People who have higher vitamin D levels during teenage years appear to delay development of multiple sclerosis.
Vitamin D levels in patients’ teenage years may push off multiple sclerosis (MS) onset into later in life, according to findings published in Neurology.
Researchers from Copenhagen University Hospital in Denmark observed 1,161 MS patients in order to compare the vitamin D levels among the patients between 2009 and 2012. Patients submitted questionnaires, which asked about a range of topics including their use of vitamin D supplements during their teenage years and how much fatty fish they ate at age 20 years, and blood samples. The patients were then classified into groups based on sun exposure during teenage years: those who spent time in the sun every day compared to those who did not.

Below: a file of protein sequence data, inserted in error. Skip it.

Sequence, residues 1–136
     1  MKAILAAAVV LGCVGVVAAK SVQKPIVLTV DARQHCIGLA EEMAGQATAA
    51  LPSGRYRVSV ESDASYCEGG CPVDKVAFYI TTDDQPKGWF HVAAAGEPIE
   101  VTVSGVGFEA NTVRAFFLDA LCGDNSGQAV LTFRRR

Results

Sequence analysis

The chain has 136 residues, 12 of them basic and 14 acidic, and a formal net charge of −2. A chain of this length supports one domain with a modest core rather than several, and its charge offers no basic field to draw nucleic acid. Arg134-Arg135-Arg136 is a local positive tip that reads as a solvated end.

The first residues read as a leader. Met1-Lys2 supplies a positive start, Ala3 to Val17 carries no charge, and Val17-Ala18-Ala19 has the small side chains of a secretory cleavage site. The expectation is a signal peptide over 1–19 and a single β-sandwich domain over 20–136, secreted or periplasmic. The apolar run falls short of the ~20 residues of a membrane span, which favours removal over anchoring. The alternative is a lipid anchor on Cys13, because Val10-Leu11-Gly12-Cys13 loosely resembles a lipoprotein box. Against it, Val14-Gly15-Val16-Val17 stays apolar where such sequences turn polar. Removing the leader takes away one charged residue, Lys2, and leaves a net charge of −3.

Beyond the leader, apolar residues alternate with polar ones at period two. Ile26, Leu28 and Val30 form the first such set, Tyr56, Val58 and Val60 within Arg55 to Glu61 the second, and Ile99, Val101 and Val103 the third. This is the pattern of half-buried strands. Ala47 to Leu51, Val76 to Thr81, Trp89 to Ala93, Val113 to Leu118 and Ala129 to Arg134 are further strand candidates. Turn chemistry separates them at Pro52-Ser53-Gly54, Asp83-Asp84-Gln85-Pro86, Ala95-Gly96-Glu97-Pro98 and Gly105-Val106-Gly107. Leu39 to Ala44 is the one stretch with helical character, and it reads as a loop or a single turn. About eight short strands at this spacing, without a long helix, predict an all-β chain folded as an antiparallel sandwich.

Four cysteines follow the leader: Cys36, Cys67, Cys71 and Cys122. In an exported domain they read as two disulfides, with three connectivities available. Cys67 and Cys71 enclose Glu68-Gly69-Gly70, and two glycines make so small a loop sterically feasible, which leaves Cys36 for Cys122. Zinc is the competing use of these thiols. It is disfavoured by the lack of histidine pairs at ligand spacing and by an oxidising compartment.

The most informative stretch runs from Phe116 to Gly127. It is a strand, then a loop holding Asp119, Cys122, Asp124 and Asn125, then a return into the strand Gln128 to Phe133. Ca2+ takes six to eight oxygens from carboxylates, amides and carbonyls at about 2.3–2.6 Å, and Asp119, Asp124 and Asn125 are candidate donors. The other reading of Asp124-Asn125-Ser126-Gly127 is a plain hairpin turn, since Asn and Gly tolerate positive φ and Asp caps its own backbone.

The average MS onset for patients who spent time in the sun every day as teenagers was almost two years after those who did not spend time in the sun every day. A majority of the patients were included in the group which spent every day in the sun (88 percent). That group developed MS at an average age of 32.9 years, compared to age 31 for the not sun group.
Read Full Article: Sunlight May Influence Age of Onset of Multiple Sclerosis